Climate

The Strange Thing About Google’s Decision To Stop Renewable Energy Research

CREDIT: AP/NRG

From left, Rick Needham of Google and David Crane of NRG Energy field questions during 2014 dedication of Ivanpah Solar Electric Generating System, the world's largest solar thermal plant.

Two senior Google engineers have written a confusing article explaining what they learned after Google stopped its advanced research and development effort into renewable energy technologies in 2011.

The answer they offer — that their effort was not on track to deliver renewable R&D breakthroughs that by themselves would reverse climate change — has always been obvious and thus makes very little sense as a reason for giving up on such an important effort, as we will see.

More likely, Google saw renewable energy prices coming down so quickly as global deployment accelerated that they realized their chances to make money in the R&D arena were much smaller than they thought. And they clearly understood that the real action in advancing renewable energy was in deployment, which Google continued to fund at a far greater level than they ever invested in R&D.

The all-too-predictable result of the Google engineer’s confusing explanation was an article on Fox News with the headline, “Google engineers say renewable energy won’t solve climate change.” But that isn’t quite what Google concluded, although Fox News is, unsurprisingly, able to find an anti-science disinformer who thinks it is.

In their IEEE Spectrum article, the engineers explain that in 2007, Google launched the initiative “RE<C” which “aimed to develop renewable energy sources that would generate electricity more cheaply than coal-fired power plants do.” The term RE<C stands for “Renewable Energy Cheaper Than Coal.”

Now you might think RE<C was, sensibly, aimed at developing renewable sources that were cheaper than new coal-fired power plants — a worthwhile goal in 2007 and in 2011 and even now. Yes, we are rapidly approaching this goal and have achieved it in some parts of the world. Indeed, two months ago IEEE spectrum published an article explaining “Large wind and solar power farms have the economics to go toe-to-toe with the cheapest fossil fuel-based power supplies in the United States according to the venerable financial advisory firm Lazard Ltd.”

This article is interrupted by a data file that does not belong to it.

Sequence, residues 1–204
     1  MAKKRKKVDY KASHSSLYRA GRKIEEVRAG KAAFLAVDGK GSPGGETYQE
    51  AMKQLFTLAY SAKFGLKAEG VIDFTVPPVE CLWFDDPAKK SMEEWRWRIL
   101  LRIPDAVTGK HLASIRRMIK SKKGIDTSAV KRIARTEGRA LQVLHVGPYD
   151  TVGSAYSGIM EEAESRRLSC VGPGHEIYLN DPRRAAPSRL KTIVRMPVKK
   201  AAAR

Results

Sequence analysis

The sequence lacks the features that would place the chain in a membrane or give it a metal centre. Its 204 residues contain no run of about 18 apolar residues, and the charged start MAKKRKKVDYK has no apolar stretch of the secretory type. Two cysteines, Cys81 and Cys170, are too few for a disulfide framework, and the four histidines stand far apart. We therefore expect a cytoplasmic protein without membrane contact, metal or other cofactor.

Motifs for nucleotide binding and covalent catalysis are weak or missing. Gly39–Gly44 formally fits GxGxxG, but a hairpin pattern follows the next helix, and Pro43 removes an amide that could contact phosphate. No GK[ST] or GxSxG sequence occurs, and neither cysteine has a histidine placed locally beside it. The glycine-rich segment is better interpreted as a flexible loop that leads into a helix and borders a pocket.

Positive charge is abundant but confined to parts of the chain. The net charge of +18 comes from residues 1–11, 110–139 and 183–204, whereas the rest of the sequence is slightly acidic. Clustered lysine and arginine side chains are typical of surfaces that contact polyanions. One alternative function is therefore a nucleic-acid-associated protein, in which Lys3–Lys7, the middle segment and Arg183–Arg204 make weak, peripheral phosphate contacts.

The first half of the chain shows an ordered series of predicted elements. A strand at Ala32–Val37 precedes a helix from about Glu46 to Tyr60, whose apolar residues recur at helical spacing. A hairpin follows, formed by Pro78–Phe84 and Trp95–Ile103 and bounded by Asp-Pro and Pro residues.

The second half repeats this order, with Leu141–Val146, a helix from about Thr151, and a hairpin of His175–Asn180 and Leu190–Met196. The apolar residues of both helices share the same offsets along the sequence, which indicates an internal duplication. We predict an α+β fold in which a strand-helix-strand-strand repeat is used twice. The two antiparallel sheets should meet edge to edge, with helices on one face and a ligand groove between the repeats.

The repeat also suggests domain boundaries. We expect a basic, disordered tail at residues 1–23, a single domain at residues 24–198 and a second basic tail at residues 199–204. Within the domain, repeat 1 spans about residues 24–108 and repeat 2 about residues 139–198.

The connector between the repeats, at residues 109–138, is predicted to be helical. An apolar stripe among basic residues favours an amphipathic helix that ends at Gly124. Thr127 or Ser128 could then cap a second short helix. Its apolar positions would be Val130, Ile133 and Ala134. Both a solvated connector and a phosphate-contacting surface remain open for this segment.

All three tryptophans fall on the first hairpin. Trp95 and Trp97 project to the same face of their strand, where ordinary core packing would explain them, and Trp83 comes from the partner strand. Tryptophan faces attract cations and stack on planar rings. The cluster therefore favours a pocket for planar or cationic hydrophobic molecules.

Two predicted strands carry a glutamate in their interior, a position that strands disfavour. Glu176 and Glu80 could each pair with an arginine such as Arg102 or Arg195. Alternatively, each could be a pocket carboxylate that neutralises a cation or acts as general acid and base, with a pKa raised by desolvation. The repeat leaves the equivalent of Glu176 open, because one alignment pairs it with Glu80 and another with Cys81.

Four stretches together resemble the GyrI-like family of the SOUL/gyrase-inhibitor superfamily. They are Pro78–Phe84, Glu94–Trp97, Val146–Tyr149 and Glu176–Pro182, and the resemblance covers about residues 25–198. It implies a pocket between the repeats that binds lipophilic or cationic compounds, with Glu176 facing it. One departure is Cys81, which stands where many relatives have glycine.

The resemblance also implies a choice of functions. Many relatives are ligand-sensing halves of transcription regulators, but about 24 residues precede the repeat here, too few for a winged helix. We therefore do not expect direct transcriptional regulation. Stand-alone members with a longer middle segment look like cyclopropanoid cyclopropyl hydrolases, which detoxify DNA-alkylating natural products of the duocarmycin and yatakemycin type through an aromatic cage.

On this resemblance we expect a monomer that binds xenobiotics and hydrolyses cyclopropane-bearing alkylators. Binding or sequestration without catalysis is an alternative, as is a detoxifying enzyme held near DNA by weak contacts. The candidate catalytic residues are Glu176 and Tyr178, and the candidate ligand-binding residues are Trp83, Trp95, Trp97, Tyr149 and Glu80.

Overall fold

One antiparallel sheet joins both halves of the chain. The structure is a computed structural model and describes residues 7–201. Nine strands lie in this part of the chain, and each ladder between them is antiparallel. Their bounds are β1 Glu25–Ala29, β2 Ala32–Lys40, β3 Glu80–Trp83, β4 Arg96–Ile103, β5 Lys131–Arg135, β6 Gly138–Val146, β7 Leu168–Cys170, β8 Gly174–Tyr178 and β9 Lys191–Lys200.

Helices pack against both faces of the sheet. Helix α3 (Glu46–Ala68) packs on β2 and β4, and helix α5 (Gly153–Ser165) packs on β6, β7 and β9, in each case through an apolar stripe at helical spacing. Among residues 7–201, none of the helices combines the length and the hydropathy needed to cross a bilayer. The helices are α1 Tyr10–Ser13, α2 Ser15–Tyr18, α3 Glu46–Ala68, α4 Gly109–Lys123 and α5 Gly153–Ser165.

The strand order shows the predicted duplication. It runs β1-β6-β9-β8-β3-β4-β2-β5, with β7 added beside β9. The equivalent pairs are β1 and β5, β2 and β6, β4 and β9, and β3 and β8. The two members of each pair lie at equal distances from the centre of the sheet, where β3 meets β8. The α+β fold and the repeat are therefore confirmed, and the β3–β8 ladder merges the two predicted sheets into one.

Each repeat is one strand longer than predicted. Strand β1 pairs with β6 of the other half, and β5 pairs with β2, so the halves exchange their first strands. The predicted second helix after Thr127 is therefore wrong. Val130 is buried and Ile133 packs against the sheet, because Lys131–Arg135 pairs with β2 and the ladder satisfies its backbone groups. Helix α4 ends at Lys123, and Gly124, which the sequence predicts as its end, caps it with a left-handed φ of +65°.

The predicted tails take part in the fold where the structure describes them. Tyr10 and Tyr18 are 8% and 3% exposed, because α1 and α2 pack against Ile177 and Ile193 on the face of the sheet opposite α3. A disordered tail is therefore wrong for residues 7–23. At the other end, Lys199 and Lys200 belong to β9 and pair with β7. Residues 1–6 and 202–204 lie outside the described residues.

But it’s fair to say the entire technology and policy world believes continued R&D into renewables is valuable since anything that brings their cost down will bring down the overall cost of avoiding catastrophic climate change. Another plausible goal is competitive “dispatchable” renewable energy, “which can be ramped up and down quickly,” as the Google engineers put it (as opposed to only being usable when the sun shines or the wind blows). This might be solar or wind with some storage capability.

But apparently, Google’s goal was aimed at developing renewable sources that were simultaneously cheaper than existing coal-fired power plants — and dispatchable, too! Although Google’s RE<C website and 2007 news release don’t clarify the matter, the Google engineers say they were focused on research into “how a new energy technology could perform … a lot more cheaply than an existing coal-fired power plant already does.”

I point this out mainly because the goal of getting a new carbon-free energy technology to market at a price significantly cheaper than existing coal power … is widely believed to be impossible in a timescale that would matter to humanity. Back in the mid-1990s, I helped run what was then the largest R&D program in the world for developing carbon-free energy technology at the Department of Energy. I never met anyone there or in the past two decades with any actual R&D experience who ever thought such a goal was either plausible — or necessary.